PORTLAND, Maine — Students and faculty of one of the University of Southern Maine’s signature graduate programs say even though theirs isn’t one of four programs slated to be eliminated, proposed job cuts could threaten its survival.

The dean of the Muskie School of Public Service argued, however, that there will still be enough faculty on campus to cover the high-profile public policy and management program’s full course load, and in fact provide capacity for the offerings to expand.

“We are committed to re-energizing this program despite these cuts,” Dean Joseph McDonnell said Tuesday night.

The announcement of President Theo Kalikow’s plan to cut four programs and between 20 and 30 of the school’s 310 faculty members in response to a looming $14 million budget deficit has thrown the university into a state of turmoil, with students organizing repeated protests and calling for the ouster of Kalikow and Provost Michael Stevenson.

Some students and professors in the Muskie School’s public policy and management program at USM, a graduate school track for aspiring government and nonprofit officials, are adding their voices to the unrest.

In a Tuesday night meeting on USM’s Portland campus, they expressed concerns that the loss of five of the program’s six full-time faculty members will damage it beyond repair.

That’s a particular problem, said Associate Professor Carolyn Ball, because University of Maine System officials used the stability of the USM program to overcome objections by municipal leaders to the elimination of the entire department of public administration at the flagship Orono campus.

Ball, who is one of two public policy and management program faculty members to be terminated, told the BDN in an email the system pledged to the Maine Town and City Management Association two years ago it would seek accreditation for the Portland-based program as a way of replacing the similar public administration department two hours north.

The debate over the Muskie School program also comes during a week when the school is recognizing the 100th anniversary of the birth of its namesake, the late former U.S. senator and storied Maine politician Edmund Muskie.

USM’s $14 million budget gap for fiscal year 2015 is the largest part of a $36 million gap systemwide reported by the chancellor’s office. Though USM will have to make up for the largest portion of that gap, all seven of the system’s campuses are looking for ways to reduce spending next year.

Rebecca Wyke, University of Maine System vice chancellor for finance and administration, reiterated to the Bangor Daily News on Monday afternoon that USM — like the state’s other public universities — is a victim of stagnant state funding, frozen tuition levels and dropping enrollment.

On Friday, 12 faculty members in seven departments at USM were given notice that they will be laid off effective May 31. That number comes in advance of at least eight more faculty job cuts in July when four programs — American and New England studies, geosciences, recreation and leisure studies, and arts and humanities at the school’s Lewiston-Auburn campus — are proposed to be eliminated.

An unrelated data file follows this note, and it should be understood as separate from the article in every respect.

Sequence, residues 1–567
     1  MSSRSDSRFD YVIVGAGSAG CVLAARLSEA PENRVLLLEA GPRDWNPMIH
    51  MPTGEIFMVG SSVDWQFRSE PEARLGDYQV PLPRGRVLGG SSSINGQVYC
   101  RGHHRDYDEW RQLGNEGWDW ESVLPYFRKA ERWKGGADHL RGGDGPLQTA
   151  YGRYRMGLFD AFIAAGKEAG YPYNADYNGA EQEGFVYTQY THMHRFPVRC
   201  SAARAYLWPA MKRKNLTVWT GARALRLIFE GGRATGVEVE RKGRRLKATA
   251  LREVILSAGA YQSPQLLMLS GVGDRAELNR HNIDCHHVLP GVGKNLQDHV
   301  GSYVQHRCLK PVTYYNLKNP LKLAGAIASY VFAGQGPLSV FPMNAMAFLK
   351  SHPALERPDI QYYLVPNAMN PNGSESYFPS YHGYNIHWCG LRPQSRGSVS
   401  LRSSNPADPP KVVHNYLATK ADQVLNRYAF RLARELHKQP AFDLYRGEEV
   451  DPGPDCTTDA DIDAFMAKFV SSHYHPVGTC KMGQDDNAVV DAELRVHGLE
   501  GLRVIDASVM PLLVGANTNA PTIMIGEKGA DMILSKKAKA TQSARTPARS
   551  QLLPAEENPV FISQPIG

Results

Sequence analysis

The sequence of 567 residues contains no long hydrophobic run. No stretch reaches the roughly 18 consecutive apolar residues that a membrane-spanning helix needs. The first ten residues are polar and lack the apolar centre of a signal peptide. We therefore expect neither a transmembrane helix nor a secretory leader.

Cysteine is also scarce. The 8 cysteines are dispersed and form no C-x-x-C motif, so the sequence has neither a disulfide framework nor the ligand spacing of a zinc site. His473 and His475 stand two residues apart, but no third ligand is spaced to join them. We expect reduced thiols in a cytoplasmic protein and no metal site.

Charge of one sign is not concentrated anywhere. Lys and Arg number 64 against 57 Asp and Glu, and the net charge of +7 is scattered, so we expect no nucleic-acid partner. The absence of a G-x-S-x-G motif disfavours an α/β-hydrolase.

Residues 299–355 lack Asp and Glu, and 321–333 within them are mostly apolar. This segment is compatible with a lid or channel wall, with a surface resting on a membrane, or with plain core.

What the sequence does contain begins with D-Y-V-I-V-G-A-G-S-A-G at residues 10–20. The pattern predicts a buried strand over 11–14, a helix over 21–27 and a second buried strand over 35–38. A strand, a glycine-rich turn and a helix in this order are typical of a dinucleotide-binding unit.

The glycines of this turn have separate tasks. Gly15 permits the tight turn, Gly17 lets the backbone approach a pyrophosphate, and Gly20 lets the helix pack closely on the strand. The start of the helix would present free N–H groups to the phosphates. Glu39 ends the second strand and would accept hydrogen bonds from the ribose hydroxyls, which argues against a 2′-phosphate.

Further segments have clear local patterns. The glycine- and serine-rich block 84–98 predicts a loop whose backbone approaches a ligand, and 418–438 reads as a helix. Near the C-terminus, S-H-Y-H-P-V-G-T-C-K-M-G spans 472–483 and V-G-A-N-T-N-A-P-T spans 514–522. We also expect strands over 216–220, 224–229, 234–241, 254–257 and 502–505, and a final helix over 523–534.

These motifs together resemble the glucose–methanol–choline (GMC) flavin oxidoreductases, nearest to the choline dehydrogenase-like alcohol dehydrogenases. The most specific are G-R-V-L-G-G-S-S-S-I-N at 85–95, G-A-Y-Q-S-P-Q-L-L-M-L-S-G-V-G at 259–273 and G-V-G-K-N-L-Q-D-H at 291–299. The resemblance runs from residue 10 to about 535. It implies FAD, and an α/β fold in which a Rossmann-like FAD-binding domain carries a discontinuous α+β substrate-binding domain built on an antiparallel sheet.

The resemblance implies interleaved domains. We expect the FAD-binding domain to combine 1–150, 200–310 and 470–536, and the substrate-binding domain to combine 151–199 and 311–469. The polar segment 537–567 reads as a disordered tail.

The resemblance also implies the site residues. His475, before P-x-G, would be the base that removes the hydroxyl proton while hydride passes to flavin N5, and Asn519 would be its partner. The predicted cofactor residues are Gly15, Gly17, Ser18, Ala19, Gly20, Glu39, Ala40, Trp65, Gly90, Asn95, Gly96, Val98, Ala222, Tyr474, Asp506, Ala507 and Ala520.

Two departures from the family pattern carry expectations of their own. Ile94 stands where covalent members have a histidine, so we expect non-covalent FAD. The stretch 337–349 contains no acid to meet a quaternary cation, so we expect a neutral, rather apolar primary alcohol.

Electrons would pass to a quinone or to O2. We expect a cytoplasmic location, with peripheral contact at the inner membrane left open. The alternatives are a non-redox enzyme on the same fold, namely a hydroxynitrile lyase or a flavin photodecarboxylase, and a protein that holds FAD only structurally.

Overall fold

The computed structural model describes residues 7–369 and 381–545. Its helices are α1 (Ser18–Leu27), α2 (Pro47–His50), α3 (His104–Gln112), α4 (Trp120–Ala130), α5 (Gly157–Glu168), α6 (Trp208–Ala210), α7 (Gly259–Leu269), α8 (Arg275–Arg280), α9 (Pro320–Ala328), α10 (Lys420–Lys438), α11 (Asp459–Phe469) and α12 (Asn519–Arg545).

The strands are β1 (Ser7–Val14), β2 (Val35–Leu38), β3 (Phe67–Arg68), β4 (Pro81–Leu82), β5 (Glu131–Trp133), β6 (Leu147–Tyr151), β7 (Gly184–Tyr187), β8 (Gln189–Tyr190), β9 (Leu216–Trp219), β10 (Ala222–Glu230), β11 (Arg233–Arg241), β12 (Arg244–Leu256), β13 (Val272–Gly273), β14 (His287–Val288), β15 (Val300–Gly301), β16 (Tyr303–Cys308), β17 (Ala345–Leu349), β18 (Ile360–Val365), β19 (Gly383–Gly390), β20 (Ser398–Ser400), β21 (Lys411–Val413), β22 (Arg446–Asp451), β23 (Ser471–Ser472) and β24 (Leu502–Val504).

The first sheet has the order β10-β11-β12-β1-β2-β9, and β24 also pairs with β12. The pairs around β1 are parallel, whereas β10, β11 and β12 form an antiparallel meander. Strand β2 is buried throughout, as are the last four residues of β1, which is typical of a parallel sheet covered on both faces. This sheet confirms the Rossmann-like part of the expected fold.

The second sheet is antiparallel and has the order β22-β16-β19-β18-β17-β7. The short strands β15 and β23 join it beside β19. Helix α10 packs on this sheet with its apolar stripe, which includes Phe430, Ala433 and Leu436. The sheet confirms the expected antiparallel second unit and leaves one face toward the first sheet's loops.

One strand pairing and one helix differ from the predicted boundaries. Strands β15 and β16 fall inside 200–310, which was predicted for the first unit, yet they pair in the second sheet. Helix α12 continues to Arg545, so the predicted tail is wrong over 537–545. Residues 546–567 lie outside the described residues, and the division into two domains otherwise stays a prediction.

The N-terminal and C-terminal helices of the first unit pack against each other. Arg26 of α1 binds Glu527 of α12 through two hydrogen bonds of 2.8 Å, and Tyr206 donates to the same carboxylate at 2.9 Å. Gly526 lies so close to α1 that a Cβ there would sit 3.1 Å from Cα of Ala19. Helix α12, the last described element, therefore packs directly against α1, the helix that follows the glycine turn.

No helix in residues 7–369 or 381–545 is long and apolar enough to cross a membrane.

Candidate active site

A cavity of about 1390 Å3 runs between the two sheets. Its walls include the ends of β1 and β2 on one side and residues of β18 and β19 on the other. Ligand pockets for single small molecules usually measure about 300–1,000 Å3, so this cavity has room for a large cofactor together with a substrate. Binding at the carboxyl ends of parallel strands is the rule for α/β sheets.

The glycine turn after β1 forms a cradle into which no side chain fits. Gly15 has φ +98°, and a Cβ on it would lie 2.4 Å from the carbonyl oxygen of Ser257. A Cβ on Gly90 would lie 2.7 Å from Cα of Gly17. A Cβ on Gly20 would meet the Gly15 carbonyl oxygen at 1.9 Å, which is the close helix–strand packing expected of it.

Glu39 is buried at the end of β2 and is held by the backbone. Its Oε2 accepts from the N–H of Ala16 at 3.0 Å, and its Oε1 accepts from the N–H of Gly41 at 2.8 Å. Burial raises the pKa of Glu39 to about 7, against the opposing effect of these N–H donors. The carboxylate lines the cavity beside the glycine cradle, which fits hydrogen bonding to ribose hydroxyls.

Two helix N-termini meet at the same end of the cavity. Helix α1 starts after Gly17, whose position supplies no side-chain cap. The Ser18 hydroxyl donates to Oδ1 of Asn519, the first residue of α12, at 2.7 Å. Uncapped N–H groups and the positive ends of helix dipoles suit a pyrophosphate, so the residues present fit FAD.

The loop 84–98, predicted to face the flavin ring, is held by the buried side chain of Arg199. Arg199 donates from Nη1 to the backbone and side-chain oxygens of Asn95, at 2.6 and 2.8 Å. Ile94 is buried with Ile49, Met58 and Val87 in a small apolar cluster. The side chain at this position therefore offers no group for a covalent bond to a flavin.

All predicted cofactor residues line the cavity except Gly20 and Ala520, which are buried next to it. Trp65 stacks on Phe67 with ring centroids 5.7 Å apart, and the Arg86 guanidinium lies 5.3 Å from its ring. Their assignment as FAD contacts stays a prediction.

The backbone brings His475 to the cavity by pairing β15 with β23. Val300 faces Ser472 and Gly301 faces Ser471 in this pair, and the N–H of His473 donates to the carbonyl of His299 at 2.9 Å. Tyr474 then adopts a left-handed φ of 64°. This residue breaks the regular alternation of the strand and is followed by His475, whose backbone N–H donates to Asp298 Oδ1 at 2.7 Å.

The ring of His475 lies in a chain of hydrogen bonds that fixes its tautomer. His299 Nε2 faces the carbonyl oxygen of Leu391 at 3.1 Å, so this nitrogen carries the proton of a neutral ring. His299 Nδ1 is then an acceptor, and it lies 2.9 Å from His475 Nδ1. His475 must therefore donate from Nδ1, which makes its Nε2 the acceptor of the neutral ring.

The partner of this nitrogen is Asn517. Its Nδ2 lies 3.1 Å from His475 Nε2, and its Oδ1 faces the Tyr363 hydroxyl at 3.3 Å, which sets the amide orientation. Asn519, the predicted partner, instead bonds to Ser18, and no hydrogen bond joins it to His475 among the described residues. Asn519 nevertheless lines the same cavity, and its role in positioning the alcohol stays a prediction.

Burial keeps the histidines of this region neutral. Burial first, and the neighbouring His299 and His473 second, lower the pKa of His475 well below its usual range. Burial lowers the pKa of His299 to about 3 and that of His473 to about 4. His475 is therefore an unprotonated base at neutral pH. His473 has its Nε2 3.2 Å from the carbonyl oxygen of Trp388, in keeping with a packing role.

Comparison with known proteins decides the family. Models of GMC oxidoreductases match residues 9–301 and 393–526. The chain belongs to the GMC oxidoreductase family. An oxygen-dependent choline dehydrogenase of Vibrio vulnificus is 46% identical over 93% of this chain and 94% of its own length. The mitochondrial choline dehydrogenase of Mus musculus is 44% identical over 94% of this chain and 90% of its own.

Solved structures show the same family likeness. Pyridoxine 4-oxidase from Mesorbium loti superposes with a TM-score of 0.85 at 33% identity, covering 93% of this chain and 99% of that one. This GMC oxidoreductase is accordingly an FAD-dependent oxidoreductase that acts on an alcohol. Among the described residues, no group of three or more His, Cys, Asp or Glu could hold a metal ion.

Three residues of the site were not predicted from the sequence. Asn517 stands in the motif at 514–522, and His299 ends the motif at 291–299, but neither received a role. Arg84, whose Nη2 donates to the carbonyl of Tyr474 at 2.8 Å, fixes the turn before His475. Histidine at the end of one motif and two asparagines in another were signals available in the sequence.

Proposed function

Kalikow has said additionally that between 10 and 20 staff positions will be cut.

Two of the faculty cuts will come from the public policy and management program, while two of its other faculty members have announced plans to retire and a fifth will be reassigned to a different program. That will leave one dedicated full-time faculty member in the program, according to a letter of protest circulated by students in recent days.

The university has countered that, in addition to the one full-time faculty member, there will still be three part-time faculty members and the program will be augmented by researchers from the Muskie School’s Cutler Institute for Health and Social Policy, as well as faculty from other departments.

“As we look at the number of courses we have in the fall, we will be able to fill all of them with ease,” McDonnell told students Tuesday night.

He also said the Muskie School’s community planning and development and public policy and management programs combined to have 10 faculty members serving a total of 75 active students. McDonnell said those faculty-student ratios are unsustainable, and both programs were considered for elimination before a compromise was made to keep them alive with fewer faculty.

The dean also said the program may put the aforementioned accreditation process on hold while it reorganizes over the next year, but he believes it will ultimately be accredited.

McDonnell said Muskie School officials met with accreditors in recent weeks to discuss the program.

“We’re a small program with financial challenges, but they felt that if we laid out what we want to do well and how we planned to do it, they would be willing to accreditate us under their criteria,” he said.

But while many in attendance Tuesday night offered to help highlight the program’s successes, recruit new students and raise funds as the school seeks to weather the cuts, others remained concerned about its future.

“Students have been given assurances that the [public policy and management] program will continue, that courses will be delivered as scheduled in the fall semester, and that these cuts will help strengthen the long term viability of the … program. It is hard to imagine how this will be possible,” said Muskie School student Clyde Barr, reading a letter that had been circulated among students in advance of Tuesday night’s forum. “The reality is that the [public policy and management] program is left standing with one full-time professor, and three part-time professors who are obligated to other programs.”

Seth Koenig

Seth has nearly a decade of professional journalism experience and writes about the greater Portland region.